Also they asked to see our passports because apparently they work border control and were the ones that were called to verify ours?! They also said they were just driving around with no purpose now and were willing to go wherever for us. Not sure if the story fell into place or they were legitimately the ones called but we're also pretty sure they were so far gone drunk wise at this point that anything could've made sense.
We said our longest goodbyes and drove on. Kyrgyzstan is interesting... started off similar to Kazakhstan with small little towns, but i found it actually reminded me more of Azerbaijan. Also, again, couldn't have a single conversation that didn't lead with "is this your husband?" Weird.
It wasn't until we got out of the towns and hit the mountains that it felt like we could already be in Mongolia. Yurts. The stunning mountains, 9000ft high, were bare except for the occasional yurt and its herd of cows, horses, or sheep. Just a cloth tent with smoke coming out the middle. Many had a sign inviting for food, and we thought we'd spend a night in or near one but there was still light and we wanted to make some progress considering the road was very slow.
It got slower. So so so so much slower. We officially hit the Pamir highway, and it showed. It's like the road was a minefield and 20km/h is being generous. It was BRUTAL and awesome at the same time.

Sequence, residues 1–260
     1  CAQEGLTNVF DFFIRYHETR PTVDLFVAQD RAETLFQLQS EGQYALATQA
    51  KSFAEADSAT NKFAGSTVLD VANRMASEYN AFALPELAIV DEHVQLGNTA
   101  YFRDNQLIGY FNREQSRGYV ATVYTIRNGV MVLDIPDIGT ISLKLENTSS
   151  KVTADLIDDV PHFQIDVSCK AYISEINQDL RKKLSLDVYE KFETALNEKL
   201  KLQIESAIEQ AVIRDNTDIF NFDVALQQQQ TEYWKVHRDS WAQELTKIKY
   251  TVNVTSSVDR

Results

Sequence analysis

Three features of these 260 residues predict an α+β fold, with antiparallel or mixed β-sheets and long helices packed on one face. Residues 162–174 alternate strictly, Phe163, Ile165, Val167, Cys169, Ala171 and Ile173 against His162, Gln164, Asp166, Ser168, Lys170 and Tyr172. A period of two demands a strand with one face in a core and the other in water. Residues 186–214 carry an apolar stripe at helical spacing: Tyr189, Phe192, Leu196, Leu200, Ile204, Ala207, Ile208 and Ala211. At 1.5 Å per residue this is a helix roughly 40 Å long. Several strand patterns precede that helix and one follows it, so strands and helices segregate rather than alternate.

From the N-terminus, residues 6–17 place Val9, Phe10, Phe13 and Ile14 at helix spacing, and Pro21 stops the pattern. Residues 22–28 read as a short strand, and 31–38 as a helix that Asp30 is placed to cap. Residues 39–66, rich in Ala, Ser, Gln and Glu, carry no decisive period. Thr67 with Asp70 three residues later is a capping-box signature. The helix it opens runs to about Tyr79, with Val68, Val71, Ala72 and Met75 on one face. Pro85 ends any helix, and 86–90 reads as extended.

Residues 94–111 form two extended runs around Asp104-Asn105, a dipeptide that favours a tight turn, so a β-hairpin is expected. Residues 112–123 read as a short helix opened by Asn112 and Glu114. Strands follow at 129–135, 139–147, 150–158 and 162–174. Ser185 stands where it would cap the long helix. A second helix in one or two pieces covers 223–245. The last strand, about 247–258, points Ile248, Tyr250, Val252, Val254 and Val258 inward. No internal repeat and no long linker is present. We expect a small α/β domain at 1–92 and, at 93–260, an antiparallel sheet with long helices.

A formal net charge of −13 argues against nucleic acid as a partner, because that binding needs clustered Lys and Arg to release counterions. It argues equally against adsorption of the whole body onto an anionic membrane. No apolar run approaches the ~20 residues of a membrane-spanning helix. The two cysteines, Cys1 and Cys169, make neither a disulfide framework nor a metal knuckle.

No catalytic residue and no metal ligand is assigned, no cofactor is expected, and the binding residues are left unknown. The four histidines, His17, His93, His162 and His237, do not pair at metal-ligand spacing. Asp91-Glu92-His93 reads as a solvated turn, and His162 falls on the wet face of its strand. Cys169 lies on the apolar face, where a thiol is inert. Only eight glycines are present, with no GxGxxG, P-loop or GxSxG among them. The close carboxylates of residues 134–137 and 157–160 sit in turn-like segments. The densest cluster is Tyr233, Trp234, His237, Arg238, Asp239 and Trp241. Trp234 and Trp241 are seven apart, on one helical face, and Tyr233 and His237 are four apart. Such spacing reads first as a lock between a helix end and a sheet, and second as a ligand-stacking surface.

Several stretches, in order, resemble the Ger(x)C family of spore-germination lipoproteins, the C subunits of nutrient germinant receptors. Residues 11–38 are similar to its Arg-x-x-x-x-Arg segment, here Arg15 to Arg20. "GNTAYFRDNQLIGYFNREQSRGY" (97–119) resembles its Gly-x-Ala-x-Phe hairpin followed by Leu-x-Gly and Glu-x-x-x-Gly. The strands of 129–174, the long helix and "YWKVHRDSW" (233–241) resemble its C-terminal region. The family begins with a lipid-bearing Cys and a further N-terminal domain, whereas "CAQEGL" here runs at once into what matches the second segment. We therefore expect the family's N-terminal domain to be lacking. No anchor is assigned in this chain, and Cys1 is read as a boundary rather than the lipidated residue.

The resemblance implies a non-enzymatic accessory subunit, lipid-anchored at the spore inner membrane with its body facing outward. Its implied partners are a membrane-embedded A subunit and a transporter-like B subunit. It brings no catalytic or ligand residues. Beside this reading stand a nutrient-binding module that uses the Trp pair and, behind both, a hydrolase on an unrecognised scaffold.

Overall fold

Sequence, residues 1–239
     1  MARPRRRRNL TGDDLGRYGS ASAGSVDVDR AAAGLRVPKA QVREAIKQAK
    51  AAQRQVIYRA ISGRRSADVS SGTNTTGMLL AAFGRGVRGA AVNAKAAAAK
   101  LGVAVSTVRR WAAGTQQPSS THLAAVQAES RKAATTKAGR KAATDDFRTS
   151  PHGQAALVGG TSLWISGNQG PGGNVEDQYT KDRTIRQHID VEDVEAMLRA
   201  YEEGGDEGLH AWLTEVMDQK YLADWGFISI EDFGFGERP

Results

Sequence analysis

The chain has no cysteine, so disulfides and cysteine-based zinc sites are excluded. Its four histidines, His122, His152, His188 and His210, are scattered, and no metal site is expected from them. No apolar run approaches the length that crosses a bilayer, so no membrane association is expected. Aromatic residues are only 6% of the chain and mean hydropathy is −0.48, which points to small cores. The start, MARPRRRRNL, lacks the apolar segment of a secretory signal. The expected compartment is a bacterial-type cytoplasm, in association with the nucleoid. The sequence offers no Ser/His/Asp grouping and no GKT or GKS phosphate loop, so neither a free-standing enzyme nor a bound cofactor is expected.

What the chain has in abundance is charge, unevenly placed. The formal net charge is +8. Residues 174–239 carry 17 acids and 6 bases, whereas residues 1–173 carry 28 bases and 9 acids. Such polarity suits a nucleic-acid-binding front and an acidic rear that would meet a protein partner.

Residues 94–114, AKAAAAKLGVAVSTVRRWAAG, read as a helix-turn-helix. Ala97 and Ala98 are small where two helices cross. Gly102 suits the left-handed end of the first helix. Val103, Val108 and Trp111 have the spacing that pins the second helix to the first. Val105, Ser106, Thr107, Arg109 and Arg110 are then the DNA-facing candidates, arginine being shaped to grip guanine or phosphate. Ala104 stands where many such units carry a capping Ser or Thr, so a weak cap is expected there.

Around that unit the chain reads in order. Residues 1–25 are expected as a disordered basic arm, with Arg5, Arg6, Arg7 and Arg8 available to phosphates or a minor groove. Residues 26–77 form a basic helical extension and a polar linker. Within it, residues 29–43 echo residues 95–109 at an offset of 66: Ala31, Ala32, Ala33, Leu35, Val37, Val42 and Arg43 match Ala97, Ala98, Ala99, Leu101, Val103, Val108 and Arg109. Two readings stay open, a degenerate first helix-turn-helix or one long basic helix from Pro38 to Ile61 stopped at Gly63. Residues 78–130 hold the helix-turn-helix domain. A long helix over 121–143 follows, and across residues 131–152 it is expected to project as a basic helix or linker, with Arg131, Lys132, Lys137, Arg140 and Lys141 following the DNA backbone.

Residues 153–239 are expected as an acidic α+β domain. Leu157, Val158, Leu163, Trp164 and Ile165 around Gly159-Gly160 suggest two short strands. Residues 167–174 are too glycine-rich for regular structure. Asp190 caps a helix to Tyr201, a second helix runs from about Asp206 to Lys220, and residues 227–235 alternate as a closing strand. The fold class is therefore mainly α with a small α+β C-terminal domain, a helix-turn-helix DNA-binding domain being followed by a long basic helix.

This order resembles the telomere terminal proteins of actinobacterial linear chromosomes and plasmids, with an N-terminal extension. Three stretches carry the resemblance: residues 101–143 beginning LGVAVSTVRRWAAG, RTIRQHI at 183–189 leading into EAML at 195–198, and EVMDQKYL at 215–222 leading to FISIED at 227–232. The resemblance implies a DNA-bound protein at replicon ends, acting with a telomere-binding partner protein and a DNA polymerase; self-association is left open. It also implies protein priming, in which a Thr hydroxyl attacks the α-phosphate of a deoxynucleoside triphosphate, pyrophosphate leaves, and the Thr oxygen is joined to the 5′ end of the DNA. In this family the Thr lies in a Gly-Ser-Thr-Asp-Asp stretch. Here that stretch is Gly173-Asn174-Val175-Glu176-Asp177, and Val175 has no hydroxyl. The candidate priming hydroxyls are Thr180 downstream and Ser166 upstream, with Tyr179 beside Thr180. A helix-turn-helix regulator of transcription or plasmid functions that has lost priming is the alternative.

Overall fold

The yurts seemed to disappear and now we were in the mountains on our own, not entirely sure where we'll camp. Then we saw a tank on the road. Turned out it was a polish couple in a customized Mercedes truck that seriously looked like a tank, so we befriended them and we pulled off the "highway" (aka a dirt road, aka a washboard. Our butts got quite the massage for hours!).
Andrew pointed justin on where to park for the night in a field with the grass reaching our waists. Justin parked.
Then justin decided he needed to move for some unknown reason and completely bottomed out.
We are now sleeping on an angle with grass in the car, and we'll need said tank to pull us out tomorrow.
Well done, Justin, well done.
We stood around, chatted, drank vodka, and exchanged our travel stories. We were in the middle of nowhere miles from towns, and after the new friends went to bed, justin and I just leaned against the car and looked at the stars trying to figure out constellations... quickly realizing we really need to up our game on astronomy.
So far, love Kyrgyzstan. We got passed by 3 cop cars who all honked, flashed their lights, and just waved. Everyone is so nice and hospitable. The guys that walked into the diner while we were eating all wished us a Bon appetite and just in general, everyone says hi, waves, and acknowledges you. Granted, we came in from the non tourist side so they probably never see any foreigners, let alone in a jazzed up car.
Going to sleep high up in the mountains with nothing in range round #2. At least we have a tank on our side now.